dynorphins


Also found in: Dictionary.

dynorphins

a family of endogenous opioid peptides.
References in periodicals archive ?
The analgesic effect of our electroacupuncture could be due to the release of endogenous opiates such as dynorphins, which is primarily released with high frequency electroacupuncture.
The preferred ligands of the mu receptor are beta-endorphin and enkephalin, those of the delta receptor are the leu- and met-enkephalines, and dynorphins A and B are those preferred by kappa receptors.
Similarly, receptors of other neuropeptides like somatostatin, neuropeptide Y, galanin, dynorphin, enkephalin, substance P, cholecystokinin, vasoactive intestinal polypeptide, hormones such as ghrelin, angiotensins, corticotropin-releasing hormone, adrenocorticotropin, thyrotropin-releasing hormone, oxytocin, and vasopressin involved in epilepsy [100].
Activation of the dynorphin/[kappa] receptor system can produce analgesic actions similar to other opioids but also actions that are opposite to those of [mu] opioid receptors in the motivational domain, where dynorphins produce aversive, dysphoric-like effects in animals and humans (Shippenberg et al.
Thus, deregulation of noradrenaline, dynorphin, vasopressin, orexin, and substance P all appear to play a role in alcohol dependence (Koob 2008).
The main groups of opioid peptides, enkephalins, dynorphins and beta-endorphin, are derived from proenkephalin, prodynorphin and proopiomelanocortin, respectively (20).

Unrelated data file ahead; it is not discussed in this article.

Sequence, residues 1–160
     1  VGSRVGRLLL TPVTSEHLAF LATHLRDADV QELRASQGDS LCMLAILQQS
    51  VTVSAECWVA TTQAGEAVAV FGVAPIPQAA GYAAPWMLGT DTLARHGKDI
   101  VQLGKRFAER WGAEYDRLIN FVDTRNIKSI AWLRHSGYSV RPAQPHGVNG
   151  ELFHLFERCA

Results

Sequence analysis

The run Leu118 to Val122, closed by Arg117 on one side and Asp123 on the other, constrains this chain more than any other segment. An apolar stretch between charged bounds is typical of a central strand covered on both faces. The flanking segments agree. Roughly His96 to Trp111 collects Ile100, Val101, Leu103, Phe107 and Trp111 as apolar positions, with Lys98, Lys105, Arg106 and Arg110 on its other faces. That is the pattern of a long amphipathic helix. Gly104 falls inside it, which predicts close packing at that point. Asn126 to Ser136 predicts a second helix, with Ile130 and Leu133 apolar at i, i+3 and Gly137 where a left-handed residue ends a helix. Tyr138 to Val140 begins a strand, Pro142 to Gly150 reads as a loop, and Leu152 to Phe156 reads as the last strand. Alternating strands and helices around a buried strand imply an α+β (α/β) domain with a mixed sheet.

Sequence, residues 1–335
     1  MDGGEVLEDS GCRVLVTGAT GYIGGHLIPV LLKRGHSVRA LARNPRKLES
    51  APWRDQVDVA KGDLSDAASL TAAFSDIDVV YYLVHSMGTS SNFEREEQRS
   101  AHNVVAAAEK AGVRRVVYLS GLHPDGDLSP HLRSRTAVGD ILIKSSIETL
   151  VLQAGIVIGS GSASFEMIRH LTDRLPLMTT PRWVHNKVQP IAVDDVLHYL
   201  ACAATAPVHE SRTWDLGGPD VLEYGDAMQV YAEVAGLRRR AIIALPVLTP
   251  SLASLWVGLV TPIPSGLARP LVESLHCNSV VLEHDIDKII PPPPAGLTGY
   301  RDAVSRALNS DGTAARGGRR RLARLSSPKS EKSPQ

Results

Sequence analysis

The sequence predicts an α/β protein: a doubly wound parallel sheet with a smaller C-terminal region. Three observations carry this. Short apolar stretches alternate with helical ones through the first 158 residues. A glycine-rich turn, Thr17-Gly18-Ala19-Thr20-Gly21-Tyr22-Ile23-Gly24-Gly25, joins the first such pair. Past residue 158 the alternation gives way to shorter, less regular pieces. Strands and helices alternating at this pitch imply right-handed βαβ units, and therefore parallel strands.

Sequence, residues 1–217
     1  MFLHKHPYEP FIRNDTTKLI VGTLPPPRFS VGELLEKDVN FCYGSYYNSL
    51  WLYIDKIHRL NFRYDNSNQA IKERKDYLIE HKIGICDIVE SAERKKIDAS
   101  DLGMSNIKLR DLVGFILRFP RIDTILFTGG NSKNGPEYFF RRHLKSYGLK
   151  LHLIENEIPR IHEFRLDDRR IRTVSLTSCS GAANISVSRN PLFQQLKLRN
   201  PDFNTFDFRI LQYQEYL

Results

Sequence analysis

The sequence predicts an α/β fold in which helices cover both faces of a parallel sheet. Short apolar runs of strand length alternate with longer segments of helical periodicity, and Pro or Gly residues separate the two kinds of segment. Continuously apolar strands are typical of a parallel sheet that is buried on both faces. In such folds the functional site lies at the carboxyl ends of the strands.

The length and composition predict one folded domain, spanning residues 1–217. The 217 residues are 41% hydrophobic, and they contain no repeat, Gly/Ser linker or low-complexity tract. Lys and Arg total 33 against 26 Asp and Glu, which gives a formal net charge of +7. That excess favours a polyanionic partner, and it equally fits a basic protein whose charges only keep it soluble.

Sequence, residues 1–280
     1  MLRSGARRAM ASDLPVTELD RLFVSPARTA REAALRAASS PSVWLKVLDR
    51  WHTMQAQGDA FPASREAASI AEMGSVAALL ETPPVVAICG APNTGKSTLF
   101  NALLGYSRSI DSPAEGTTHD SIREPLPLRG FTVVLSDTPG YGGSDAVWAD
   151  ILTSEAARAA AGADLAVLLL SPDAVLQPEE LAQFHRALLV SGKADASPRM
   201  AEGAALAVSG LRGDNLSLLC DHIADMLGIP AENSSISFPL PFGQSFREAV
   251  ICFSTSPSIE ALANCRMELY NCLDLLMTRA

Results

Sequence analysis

In addition to the modulating effects of GABA and serotonin, the release of endogenous opioids, b-endorphins, enkephalins and dynorphins will down-regulate the excitatory mechanisms that negatively affect the immune system.
Goldstein, a member of the National Academy of Sciences, is a neuroscientist who is credited for the discovery of the dynorphins and whose research also includes laboratory studies on opioid receptors;
The three main classes of endogenous opioids are endorphins, enkephalins, and dynorphins.
The team of researchers working with Zimmer tested the exact impact of dynorphins on the brain using mice whose gene for the formation of this substance had been disabled.
There are three major classes of endogenous opioid peptides: endorphins, enkephalins, and dynorphins.
Research suggests that this response is mediated by the stress-evoked release of dynorphins, the "feel bad" brain signals.